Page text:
Sunday, September 25, 2011

Moving Day

It's the end of the growing season here on The Edge of the Arctic Hinterlands and that means anything that needs to be moved will need to be moved now.

I'm not great at planning the garden.  I buy stuff, go "oh this will look good here" and then, a disturbingly short time later decided that it should be somewhere else.  It's too tall, too wide, or doesn't go with the other plants in the area.

So The Husband grabbed the shovel and we got moving.

This is a large clump of Shasta daisies (var overgrowusfastus).  It got too large in the first place I planted it.  Then I moved it and it got even larger and started to hide the Russian Sage (Perovskia).  I like the Russian Sage and want to be able to see it.  So I decided to move it again.   Now it's in the backyard with the shrubs.  I think it should be able to stand up to the dogs.

When I was first working on the garden I planted some grasses as temporary fillers.  These two clumps of Panicum virgatum (Heavy Metal) got to be moved because the plants in the area started to get big enough they didn't need the fillers.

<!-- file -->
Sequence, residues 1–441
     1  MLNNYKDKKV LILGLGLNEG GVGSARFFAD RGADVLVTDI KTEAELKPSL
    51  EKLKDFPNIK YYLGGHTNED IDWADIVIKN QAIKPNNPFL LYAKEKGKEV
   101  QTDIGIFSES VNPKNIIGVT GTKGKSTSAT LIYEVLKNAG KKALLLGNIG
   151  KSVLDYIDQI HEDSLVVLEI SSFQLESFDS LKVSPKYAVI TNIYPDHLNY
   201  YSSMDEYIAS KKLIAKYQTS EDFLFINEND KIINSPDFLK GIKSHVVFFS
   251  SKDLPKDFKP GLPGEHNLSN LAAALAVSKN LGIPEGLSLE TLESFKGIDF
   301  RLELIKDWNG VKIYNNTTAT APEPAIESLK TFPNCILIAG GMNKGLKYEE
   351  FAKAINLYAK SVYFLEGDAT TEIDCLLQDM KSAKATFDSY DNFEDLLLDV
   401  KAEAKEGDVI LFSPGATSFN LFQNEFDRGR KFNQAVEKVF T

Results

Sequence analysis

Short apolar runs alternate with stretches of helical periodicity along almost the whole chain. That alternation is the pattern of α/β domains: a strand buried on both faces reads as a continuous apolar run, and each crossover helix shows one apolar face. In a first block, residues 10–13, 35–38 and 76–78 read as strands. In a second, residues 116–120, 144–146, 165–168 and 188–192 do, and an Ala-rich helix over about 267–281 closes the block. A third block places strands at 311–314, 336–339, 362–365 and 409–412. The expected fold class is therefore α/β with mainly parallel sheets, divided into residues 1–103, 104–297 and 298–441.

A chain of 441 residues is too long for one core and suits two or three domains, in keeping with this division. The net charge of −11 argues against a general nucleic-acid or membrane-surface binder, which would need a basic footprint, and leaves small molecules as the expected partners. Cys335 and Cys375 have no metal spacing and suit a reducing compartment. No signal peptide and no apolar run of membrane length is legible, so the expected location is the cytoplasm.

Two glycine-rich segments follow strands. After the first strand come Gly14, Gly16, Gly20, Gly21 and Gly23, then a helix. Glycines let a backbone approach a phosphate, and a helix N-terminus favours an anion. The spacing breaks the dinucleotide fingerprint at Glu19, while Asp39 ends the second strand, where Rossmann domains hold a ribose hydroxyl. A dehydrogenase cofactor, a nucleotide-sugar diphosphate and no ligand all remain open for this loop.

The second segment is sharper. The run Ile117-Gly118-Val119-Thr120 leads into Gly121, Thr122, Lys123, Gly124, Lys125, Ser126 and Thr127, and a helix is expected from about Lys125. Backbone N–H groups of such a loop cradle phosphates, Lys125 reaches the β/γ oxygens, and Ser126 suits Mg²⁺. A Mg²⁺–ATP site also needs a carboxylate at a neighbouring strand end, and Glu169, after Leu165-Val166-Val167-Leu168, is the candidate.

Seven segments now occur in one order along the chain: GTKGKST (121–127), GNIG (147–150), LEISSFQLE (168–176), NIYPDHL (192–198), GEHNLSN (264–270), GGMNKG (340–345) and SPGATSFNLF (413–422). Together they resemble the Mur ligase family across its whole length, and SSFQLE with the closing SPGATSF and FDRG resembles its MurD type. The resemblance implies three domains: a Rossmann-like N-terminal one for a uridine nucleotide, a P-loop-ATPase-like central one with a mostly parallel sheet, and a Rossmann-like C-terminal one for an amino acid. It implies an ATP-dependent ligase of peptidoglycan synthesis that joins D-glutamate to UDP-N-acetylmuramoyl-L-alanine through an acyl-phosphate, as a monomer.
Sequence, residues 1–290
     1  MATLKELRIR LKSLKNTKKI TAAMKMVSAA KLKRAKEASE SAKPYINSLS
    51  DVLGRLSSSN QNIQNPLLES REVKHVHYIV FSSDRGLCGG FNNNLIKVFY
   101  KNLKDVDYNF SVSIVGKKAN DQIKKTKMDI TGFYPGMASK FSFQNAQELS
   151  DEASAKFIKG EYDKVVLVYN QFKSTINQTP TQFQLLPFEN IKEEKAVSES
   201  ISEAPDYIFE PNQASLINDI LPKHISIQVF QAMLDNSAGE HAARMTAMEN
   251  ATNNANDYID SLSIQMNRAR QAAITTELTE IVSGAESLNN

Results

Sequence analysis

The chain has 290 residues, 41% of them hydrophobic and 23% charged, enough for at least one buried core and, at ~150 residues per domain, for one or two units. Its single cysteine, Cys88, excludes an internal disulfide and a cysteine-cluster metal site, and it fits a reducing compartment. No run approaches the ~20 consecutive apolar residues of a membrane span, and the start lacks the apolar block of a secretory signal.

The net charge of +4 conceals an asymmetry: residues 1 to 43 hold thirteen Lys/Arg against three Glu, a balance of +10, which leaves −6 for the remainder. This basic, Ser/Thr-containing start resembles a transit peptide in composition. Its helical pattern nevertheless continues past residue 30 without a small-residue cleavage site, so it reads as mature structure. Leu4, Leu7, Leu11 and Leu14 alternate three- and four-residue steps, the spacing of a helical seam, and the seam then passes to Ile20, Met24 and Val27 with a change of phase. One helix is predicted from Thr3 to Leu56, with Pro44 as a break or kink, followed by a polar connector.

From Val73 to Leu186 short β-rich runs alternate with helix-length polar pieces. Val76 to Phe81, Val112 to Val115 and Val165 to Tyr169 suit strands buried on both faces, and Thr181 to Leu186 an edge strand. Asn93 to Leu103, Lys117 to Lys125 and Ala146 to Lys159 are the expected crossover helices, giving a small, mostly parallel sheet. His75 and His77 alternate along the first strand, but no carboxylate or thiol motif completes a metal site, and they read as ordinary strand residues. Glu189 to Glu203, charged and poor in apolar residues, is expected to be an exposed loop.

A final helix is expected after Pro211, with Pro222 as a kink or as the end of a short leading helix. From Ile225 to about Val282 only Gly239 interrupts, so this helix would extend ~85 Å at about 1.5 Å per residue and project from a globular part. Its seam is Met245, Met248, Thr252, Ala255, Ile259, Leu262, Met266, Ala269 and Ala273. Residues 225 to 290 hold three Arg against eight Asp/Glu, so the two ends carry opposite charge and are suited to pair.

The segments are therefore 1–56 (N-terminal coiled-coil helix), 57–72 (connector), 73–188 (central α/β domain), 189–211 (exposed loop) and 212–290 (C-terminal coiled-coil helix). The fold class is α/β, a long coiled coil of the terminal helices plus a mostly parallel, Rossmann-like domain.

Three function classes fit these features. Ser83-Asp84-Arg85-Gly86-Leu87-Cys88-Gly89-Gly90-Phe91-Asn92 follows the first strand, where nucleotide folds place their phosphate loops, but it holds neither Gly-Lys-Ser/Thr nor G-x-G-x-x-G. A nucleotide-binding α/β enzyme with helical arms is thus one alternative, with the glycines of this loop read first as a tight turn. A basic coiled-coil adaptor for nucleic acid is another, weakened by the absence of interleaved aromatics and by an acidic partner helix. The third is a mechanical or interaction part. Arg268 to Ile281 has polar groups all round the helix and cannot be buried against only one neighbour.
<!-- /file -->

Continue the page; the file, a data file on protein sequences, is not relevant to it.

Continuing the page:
Not shown are the dozen or so Gaura seedlings (some Whirling Butterflies, some Siskiyou Pink, some crosses).  I've transplanted them before and the same thing happens every time.  I don't get much root structure.  The green parts die back after transplanting but then, a few weeks later, new leaves start to appear from the roots.  I'm starting to see new green.  Even if they don't all survive most of the plants had seeds on them so the seeds will have a chance in this new area.

We didn't get to everything.  I have a Caryopteris (Dark Knight) that needs to get out from under the neighboring Buddleia but it's blooming.  So I'll make a note in my garden journal and move it in the spring.